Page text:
Mitch McConnell, the most phlegmatic man in American politics, rarely gets riled up. But on Monday the Senate majority leader let it rip in defense of his reputation, and we’re glad he did.
McConnell was responding to a Democratic-media onslaught seeking to portray the Kentucky defense hawk as a toady for Russia. His offense is opposing some Democratic proposals to protect the 2020 election from foreign meddling. In particular he opposes attempts to nationalize election rules and ballot procedures that have been historically managed by the states. This is his long-held position and makes sense since a national system would be easier to hack than the systems of 50 states.
But McConnell is running for re-election next year, and the left needs a villain for the failure of special counsel Robert Mueller to find collusion between Russia and the 2016 Trump presidential campaign. Enter #MoscowMitch, the hashtag that appeared on Twitter and was immediately picked up across the Democratic media landscape.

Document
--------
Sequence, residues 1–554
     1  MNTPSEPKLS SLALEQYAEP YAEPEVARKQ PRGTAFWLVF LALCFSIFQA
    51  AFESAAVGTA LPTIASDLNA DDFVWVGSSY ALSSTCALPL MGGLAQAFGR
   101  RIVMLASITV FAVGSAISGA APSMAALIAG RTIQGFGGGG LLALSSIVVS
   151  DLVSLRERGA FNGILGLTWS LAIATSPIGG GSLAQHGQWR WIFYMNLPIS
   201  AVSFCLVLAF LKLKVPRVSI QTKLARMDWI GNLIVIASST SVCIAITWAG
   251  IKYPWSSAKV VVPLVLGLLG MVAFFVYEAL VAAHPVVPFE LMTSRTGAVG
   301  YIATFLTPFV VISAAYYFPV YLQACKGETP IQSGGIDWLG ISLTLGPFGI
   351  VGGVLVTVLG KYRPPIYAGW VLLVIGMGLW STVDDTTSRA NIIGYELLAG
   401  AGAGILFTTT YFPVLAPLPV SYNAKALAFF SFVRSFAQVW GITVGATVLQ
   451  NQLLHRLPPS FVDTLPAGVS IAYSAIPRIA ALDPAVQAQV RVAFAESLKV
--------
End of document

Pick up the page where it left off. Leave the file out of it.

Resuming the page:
“It started with the angry lies on MSNBC. The host lied and said that I’ve dismissed Russia’s interference in our 2016 election as, quote, a ‘hoax.’ Of course I’ve never said any such thing,” McConnell said on the Senate floor. “A few hours later came the Washington Post column. It was authored by Dana Milbank, a pundit who spent much of the Obama administration carrying water for its failed foreign policies and excusing President Obama’s weakness on Russia.”
The column was headlined, “Mitch McConnell is a Russian asset,” which the senator rightly called “a shameful smear.”
The truth is that McConnell has been far tougher on Vladimir Putin than most Democrats were across the Clinton, George W. Bush and Obama administrations. He pushed for tougher sanctions on Russia than the Obama crowd wanted and he supported the Magnitsky Act that has allowed the U.S. to sanction Putin’s cronies. He has also supported the bipartisan Senate Intelligence Committee investigation into Russian meddling in 2016.
Republicans can’t count on a media phalanx to defend them from unfair attacks, so, like McConnell, they have to do it themselves.
FROM AN EDITORIAL IN THE WALL STREET JOURNAL